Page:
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90s Slang You Should Know


[shnit-suh l] /ˈʃnɪt səl/
a cutlet, especially of veal.
Origin of schnitzel
1850-55, Americanism; < German: a shaving, derivative of schnitzeln to whittle Unabridged
Based on the Random House Dictionary, © Random House, Inc. 2017.
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Examples from the Web for schnitzel
Historical Examples
  • My only feelings were a desire to kick schnitzel heavily, but for schnitzel to suspect that was impossible.

    Once Upon A Time Richard Harding Davis
  • Nothing of importance had been unearthed except in the suitcase of schnitzel.

  • Wolfson faced about again and essayed to tackle his schnitzel.

    The Competitive Nephew Montague Glass
  • Have you any reason for believing that it was schnitzel who stole them?

  • The schnitzel turned to leather in my mouth, the beer seemed tepid; I left the Emmenthaler untasted.

  • Fernando was a man who had almost as little to say as had schnitzel.

  • With this wealth of material to draw from, schnitzel has constructed a work that is nearly perfect in form.

    Bizarre Lawton Mackall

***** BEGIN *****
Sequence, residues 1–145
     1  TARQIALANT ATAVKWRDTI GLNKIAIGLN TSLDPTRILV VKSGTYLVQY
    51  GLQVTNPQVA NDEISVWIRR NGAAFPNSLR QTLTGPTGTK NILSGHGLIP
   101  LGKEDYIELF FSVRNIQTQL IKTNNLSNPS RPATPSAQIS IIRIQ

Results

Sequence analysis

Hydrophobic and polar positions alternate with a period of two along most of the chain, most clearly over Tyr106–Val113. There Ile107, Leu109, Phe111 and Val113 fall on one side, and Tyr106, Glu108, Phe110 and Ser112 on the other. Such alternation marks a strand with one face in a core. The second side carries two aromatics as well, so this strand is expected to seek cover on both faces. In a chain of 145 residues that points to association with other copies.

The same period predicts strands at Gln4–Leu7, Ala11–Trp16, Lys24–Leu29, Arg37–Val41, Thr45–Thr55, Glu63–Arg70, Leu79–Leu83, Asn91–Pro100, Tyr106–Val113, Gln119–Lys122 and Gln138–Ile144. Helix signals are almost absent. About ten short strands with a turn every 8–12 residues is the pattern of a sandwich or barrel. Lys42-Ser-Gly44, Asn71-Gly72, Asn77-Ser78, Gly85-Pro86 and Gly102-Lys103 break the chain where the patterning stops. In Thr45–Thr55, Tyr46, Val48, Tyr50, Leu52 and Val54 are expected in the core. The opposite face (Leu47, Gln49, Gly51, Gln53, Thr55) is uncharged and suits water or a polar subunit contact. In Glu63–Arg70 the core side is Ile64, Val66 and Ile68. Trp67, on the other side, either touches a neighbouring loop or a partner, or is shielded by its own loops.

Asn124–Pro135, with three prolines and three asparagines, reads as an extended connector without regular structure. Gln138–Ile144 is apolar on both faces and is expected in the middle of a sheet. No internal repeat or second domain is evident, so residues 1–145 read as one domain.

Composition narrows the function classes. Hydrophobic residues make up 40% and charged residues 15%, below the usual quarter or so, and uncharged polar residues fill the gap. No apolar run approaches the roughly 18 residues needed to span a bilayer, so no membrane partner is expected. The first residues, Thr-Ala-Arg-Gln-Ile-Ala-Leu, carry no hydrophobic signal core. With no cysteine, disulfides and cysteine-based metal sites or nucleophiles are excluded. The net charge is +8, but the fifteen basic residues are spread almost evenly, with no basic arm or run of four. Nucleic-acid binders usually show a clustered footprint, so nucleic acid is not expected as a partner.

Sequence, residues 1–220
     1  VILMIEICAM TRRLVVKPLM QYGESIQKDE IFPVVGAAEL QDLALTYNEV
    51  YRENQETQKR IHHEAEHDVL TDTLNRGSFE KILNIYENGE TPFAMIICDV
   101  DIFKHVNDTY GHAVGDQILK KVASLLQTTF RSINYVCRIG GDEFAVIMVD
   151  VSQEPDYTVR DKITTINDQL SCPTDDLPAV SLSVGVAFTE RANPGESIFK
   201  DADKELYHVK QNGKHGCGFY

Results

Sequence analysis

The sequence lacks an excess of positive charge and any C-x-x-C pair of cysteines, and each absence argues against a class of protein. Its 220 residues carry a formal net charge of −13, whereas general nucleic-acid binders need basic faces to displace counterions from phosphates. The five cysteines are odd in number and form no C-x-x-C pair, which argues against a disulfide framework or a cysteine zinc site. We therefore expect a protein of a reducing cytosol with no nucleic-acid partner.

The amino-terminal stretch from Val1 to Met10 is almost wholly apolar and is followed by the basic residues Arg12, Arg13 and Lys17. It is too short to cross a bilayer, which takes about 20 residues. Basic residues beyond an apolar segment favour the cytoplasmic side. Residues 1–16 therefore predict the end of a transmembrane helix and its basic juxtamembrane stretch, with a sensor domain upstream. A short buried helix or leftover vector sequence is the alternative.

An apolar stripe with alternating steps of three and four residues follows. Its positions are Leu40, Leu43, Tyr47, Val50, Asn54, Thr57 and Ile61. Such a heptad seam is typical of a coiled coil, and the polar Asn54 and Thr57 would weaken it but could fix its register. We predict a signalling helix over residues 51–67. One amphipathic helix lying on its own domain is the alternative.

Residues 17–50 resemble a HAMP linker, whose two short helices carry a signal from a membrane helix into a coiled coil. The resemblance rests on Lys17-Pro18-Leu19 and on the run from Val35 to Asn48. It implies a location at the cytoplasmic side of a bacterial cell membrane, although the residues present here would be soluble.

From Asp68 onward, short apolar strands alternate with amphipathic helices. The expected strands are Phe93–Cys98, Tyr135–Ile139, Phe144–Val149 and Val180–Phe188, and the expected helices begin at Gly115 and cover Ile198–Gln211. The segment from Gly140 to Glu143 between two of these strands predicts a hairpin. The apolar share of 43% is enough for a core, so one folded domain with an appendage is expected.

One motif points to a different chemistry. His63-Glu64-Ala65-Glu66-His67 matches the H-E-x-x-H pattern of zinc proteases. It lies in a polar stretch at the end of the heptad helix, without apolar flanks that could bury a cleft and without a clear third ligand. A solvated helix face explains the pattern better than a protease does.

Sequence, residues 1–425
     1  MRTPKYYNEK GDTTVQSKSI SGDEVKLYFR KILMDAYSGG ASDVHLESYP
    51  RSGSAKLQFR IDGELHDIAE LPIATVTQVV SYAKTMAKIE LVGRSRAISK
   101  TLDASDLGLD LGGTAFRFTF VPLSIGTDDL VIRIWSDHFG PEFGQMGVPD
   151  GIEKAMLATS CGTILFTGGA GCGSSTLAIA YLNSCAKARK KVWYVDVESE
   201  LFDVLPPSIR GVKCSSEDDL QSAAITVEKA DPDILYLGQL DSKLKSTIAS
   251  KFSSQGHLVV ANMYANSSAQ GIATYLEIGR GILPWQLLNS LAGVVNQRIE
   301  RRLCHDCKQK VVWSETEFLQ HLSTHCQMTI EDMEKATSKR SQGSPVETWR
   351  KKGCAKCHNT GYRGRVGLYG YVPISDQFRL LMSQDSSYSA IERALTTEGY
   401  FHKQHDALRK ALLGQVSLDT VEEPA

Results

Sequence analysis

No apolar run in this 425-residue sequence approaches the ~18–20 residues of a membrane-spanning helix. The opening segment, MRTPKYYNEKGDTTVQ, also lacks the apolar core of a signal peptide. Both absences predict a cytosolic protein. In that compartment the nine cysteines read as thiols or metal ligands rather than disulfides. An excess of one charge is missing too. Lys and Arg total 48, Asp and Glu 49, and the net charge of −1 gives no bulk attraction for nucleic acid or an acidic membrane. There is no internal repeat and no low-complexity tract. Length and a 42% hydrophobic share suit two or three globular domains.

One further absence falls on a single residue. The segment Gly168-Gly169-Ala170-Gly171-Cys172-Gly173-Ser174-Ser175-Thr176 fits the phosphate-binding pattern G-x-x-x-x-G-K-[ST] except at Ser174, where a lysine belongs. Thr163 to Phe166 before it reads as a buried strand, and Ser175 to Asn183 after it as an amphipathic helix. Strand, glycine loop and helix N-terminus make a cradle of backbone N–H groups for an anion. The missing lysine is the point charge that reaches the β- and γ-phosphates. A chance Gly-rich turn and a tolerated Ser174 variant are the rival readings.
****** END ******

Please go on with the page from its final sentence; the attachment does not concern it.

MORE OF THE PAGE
• If schnitzel attempted to go near it, he would fight him away from it.

  • Saluting, schnitzel wheeled and walked briskly from the room.

  • schnitzel was smiling to himself with a smile of complete self-satisfaction.

    Once Upon A Time Richard Harding Davis
British Dictionary definitions for schnitzel


a thin slice of meat, esp veal See also Wiener schnitzel
Word Origin
German: cutlet, from schnitzen to carve, schnitzeln to whittle
Collins English Dictionary - Complete & Unabridged 2012 Digital Edition
© William Collins Sons & Co. Ltd. 1979, 1986 © HarperCollins
Publishers 1998, 2000, 2003, 2005, 2006, 2007, 2009, 2012
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Word Origin and History for schnitzel

veal cutlet, 1854, from German Schnitzel "cutlet," literally "a slice," with -el, diminutive suffix + Schnitz "a cut, slice" (+ -el, diminutive suffix), from schnitzen "to carve," frequentative of schneiden "to cut," from Old High German snidan, cognate with Old English sniþan "to cut," from Proto-Germanic *snitt-ja-, from PIE root *sneit- "to cut."

Online Etymology Dictionary, © 2010 Douglas Harper
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